A rediscovered modernist gem from early Soviet Moscow

A cover of Sigizmund Krzhizhanovsky’s book “The Letter Killers’ Club.” Source: Press Photo

A cover of Sigizmund Krzhizhanovsky’s book “The Letter Killers’ Club.” Source: Press Photo

Sigizmund Krzhizhanovsky’s “The Letter Killers’ Club” transcends time and place with its experimental versatility.

Every Saturday, a mysterious group of intellectuals gather in a room full of empty bookshelves to tell each other stories that they have decided never to write down. This is the paradoxical premise of “The Letter Killer’s Club,” recently published by the New York Review of Books (NYRB, 2012) in Joanne Turnbull’s ingenious, new translation.

A cover of “The Letter Killers’ Club”. Courtesy of NYRB Classics.
A cover of “The Letter Killers’ Club”. Courtesy of NYRB Classics.

Most of us will struggle just trying to pronounce Sigizmund Krzhizhanovsky’s name, let alone having any idea who he is. The news that he was born in late-19th-century Kiev and died in 1950 in Moscow hardly helps. But don’t let his tongue-twisting name put you off. Krzhizhanovsky’s experimental stories are pearls of the modernist era, reminiscent of Bulgakov and Bely, or – internationally – of Kafka or Proust. Like Kafka, most of his work was published posthumously; like Bulgakov, his fevered surrealism is a response to life in Soviet Moscow, but also more than that. Krzhizhanovsky’s work has a universalism that transcends the politics of 1920s Russia. 

In the tradition of Chaucer’s Canterbury Tales, each member of the group tells a story. The range of styles, from folk fable to apocalyptic sci-fi to Roman myth is deliciously bewildering. In one simple, quest-style tale, three “merry men” quarrel over whether the true purpose of a mouth is to talk, eat or kiss; in another story, a scientist works to disconnect individual human wills from their bodies and replace them with impulses from a (prophetically wireless) “ethical machine.”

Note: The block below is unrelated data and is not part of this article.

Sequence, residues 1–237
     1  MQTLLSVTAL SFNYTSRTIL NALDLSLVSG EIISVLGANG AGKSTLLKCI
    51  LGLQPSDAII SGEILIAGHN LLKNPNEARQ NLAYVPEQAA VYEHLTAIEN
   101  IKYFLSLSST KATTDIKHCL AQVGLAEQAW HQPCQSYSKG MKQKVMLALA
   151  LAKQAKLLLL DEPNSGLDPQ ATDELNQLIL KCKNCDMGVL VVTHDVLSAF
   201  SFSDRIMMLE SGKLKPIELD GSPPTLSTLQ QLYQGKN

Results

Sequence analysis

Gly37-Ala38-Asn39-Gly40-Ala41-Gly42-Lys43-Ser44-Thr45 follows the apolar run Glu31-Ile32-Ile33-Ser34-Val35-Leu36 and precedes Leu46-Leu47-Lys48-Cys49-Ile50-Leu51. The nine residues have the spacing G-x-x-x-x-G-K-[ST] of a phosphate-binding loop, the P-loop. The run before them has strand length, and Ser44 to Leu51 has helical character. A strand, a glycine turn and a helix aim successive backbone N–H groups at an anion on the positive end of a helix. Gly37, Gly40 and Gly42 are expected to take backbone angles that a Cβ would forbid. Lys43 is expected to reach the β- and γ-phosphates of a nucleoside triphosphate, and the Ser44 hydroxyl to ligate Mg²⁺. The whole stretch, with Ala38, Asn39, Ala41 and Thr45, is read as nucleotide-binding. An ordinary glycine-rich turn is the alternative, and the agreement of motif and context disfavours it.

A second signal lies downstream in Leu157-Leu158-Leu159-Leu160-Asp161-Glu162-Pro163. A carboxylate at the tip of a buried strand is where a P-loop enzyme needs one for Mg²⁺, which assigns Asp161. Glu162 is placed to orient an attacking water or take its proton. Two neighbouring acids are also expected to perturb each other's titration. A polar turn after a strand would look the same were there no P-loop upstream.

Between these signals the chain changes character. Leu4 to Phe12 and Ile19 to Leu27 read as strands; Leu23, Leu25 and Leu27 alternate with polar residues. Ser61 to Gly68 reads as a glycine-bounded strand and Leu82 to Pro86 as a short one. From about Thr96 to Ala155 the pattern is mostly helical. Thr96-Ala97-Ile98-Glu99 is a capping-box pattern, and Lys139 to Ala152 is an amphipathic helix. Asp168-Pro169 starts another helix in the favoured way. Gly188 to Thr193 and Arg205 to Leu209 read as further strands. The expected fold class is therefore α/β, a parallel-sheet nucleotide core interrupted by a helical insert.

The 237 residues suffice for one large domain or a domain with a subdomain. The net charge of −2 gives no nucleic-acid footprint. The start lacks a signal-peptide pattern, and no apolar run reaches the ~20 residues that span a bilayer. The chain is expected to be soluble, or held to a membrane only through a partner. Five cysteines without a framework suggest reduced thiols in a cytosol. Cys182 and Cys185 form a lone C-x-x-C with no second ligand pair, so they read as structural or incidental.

One of the novella’s many conscious ironies is that it explores a group who want to escape the burden of literary legacy by destroying the written word, and yet it is itself a profoundly literary work. The hero of the play-script-style second chapter is an actor who wants to play Hamlet. In reprising the comically indistinguishable characters of Rosencrantz and Guildenstern, Krzhizhanovsky prefigures Tom Stoppard’s 1966 existentialist drama by four decades. Both works share an obsessive exploration of the boundaries of life and art and the same tragic undertone beneath the philosophical playfulness.

The next story centers on a multi-tasking friar-cum-jester whose cassock is stolen between the fairground and the church. In the ensuing dysfunction, Krzhizhanovsky cleverly investigates the role of appearances in human activity. For the defrocked friar, as for the actor who is forced to change places with a literary character and finds himself trapped in the “land of roles,” the outcome is unhappy: “the rest is silence.” Many of the stories address the question of how far we are bound by external forces.

The novella’s weaknesses (and there certainly are some) spring mostly from its overly cerebral construction. In experimenting with form, stories deliberately end in mid-sentence; they swallow and spawn other stories in a confusing tangle. The leader of the ritualistic, storytellers’ club tells the narrator at the start: “If I must choose between the shelf and the world, then I prefer the world,” but despite his lip-service to life, the author seems more comfortable with literary artifice than realism.

The great strengths of "The Letter Killer’s Club” include its versatility and its evocative use of language. At one point, an aspiring writer sets out to travel the “polyglot, patchwork world” and absorb many people so as to “mottle and multiply” his own experience. These moments of poetic clarity are a tribute to the skills of both writer and translators and leave the reader wanting more.

Read more: New translation brings Soviet magic realism to U.S. readers

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